An Expository Essay: Giving Children Chores at Home

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As children grow and develop, they form many lifelong habits. In addition, they develop a number of skills, both socially and cognitively. They learn at school and they learn in play. They also learn at home. Most people would agree that one of the most important vehicles for developing skills at home is through the assignment of household chores.

Household chores for children typically involve making beds, putting toys and clothes away, feeding the family pet, sweeping the floor, taking out the trash, washing dishes, and so forth. However, chores vary depending on a number of factors, including the various needs of the family. What kinds of household chores to which children are assigned is often based on the personal characteristics of the child, the social-environmental factors involving family values and family composition, and the kinds of household tasks that must be completed[1]. When establishing chores, the parents should make certain that expectations are realistic[2]. Is the child capable of completing the chore and to what standards? To avoid possible misunderstanding, hurt feelings, or resentment, parents should talk with and listen to their children to ensure that their children see a fair and equitable distribution of family household chores and how contributions are viewed[3].

Whatever the family needs, completing household chores allows children to develop skills desirable for

independent living later in life. These skills include participating with family members socially and

collaboratively. For example, children must learn to interact with family members appropriately in order to complete tasks, which often include working collaboratively with another family member. In addition, completing chores provides opportunity for children to develop time-management skills, decision-making skills, problem-solving skills, and selfmonitoring skills. Furthermore, empirical evidence indicates that children who participate in completing household chores are able to exercise better self-control, demonstrate positive social behaviors, and have a less likelihood of developing behavioral problems[4]. The skills developed in completing household chores extend into lifetime healthy habits.

Another important point to keep in mind is that children often need guidance in staying on task and remembering to complete their chores. A key to helping children complete chores on a daily or weekly basis is having a consistent routine in place. Doing so helps children to develop habits and understand expectations. Also, because children develop their thinking from the concrete to the abstract, the use of visuals such as recording the completion of their tasks on a chart is useful in their perceptions of accomplishments. Children should learn to record their own accomplishments. They can do this with checks or with stickers, for example. Children develop a satisfaction of seeing what they have accomplished, which may lead to their development later of intrinsic motivation to cultivate a lifetime of healthy habits[5].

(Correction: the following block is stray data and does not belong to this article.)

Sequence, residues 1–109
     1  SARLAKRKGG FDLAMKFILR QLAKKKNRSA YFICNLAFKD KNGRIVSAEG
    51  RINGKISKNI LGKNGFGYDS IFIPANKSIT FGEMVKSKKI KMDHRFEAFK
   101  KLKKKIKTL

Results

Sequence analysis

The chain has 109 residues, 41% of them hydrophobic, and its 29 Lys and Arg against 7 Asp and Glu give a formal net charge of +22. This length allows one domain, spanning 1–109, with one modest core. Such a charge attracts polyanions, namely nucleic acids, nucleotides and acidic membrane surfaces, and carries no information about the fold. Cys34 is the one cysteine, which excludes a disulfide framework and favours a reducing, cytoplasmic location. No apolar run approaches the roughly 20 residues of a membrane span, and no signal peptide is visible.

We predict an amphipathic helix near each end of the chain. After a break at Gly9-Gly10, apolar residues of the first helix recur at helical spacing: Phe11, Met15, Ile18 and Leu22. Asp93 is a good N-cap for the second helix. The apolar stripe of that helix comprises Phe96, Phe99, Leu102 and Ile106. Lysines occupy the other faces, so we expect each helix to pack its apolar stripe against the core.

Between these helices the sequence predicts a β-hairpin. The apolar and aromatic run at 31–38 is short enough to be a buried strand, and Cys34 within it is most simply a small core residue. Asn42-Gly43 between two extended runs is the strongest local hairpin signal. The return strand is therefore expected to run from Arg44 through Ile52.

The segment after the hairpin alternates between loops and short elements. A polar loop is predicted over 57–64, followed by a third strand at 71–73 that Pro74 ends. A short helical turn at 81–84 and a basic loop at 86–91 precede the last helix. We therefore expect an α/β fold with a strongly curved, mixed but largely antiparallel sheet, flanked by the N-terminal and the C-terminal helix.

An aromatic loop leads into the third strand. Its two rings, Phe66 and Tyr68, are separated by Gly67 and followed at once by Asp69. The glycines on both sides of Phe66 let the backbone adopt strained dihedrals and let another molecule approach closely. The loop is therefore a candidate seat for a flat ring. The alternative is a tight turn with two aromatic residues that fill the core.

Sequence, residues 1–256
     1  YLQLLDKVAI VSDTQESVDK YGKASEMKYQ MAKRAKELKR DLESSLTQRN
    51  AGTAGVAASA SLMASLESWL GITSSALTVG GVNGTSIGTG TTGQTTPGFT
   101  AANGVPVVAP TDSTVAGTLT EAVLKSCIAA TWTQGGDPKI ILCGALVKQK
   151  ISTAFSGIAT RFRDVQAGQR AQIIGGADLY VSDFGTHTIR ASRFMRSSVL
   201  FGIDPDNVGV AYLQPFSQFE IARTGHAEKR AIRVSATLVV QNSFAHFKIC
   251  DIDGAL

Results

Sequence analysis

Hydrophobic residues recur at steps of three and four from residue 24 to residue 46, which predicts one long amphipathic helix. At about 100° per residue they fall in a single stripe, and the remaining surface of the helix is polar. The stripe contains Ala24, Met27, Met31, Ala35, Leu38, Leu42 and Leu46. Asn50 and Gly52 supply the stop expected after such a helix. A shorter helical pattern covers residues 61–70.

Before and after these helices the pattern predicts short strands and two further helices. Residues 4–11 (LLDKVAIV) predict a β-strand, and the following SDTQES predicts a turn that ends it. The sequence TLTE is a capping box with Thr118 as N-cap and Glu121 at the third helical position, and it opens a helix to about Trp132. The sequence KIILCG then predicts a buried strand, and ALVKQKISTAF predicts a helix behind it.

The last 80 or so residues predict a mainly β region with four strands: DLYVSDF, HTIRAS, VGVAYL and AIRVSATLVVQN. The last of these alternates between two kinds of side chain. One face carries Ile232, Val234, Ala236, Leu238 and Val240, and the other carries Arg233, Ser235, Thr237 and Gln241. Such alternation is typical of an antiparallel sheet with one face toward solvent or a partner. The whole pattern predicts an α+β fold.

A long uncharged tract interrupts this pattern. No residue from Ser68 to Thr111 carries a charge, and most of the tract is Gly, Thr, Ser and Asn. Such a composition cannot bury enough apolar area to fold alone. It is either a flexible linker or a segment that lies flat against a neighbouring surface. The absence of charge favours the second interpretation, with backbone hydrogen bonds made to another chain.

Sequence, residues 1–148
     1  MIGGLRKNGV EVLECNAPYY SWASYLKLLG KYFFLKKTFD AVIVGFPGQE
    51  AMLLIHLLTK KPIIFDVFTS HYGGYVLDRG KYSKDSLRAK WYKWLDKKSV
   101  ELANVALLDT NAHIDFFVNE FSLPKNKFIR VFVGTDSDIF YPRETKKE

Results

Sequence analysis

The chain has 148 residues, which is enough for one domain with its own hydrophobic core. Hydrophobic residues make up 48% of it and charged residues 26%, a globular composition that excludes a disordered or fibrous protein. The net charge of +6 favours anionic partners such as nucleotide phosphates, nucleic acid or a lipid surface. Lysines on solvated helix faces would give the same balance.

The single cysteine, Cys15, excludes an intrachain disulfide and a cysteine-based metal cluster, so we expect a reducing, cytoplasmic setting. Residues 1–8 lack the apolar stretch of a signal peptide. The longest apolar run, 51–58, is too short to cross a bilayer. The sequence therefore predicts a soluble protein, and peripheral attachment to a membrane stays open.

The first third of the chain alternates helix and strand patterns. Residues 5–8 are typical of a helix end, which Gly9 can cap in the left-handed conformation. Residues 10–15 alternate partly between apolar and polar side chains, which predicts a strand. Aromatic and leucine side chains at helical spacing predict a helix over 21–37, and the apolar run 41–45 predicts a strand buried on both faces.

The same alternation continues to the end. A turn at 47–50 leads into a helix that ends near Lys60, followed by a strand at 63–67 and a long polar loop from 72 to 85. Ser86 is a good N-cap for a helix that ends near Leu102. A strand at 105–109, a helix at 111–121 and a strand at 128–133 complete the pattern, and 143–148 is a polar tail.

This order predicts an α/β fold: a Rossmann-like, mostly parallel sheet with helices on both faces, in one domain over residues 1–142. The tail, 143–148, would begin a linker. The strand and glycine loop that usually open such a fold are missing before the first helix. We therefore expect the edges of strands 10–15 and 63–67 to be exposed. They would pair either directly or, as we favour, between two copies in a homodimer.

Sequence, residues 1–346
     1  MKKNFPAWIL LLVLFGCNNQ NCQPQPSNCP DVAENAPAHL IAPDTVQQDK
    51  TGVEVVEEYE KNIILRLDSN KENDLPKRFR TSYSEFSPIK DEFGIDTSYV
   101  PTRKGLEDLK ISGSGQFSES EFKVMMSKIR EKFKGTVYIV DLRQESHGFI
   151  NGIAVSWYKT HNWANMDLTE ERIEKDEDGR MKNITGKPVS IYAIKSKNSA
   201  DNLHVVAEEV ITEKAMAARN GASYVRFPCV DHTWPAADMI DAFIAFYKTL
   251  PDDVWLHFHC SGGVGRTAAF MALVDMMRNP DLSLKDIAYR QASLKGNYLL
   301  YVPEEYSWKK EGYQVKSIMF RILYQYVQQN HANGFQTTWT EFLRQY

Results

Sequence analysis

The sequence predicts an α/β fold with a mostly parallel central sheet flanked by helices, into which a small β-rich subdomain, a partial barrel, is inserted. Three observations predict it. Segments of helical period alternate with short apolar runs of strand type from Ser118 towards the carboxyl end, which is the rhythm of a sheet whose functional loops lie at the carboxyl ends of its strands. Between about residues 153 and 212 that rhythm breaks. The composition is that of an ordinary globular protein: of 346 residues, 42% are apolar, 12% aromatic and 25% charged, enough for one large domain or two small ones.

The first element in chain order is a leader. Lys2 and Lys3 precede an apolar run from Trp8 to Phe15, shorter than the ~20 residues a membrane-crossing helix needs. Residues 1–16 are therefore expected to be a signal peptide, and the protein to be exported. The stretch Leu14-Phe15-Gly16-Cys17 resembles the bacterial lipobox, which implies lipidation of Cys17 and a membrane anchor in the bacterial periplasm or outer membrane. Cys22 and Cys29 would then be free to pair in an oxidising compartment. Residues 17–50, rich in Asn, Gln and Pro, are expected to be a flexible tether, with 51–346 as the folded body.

Knowing that they are contributing in a meaningful and important manner to the smooth running of the household can provide a powerful sense of self-perception. Parents should strive to acknowledge their children’s contributions.

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They can reward their children’s completion of chores with positive reinforcement, such as giving a compliment for a job well-done, a pat on the back or a hug[6]. Again, this can lead to the child’s sense of intrinsic motivation and personal satisfaction.

[1] Dunn, L. (2004). Validation of the chores: A measure of school-aged children’s participation in household tasks. Scandinavian Journal of Occupational Therapy, 11(1), 179-190.

[2] LaCaze, D., & Kirylo, J. D. (2012). Family connections: Addressing behavior issues: Practical tips for parents. Childhood Education, 88(1), 57-58. doi: 10.1080/00094056.2012.643728

[3] Ibid.

[4] Dunn, L. (2004). Validation of the chores: A measure of school-aged children’s participation in household tasks. Scandinavian Journal of Occupational Therapy, 11(1), 179-190.

[5] Cline, F. W., & Fay, J. (1990). Parenting with love and logic: Teaching children responsibility. Colorado Springs, CO: Pinion Press.

[6] Ricker, A., Calmes, R. E., & Sneyd, L. W. (2006).How happy families happen: Six steps to bringing emotional and spiritual health into your home. Center City, MN: Hazelden.

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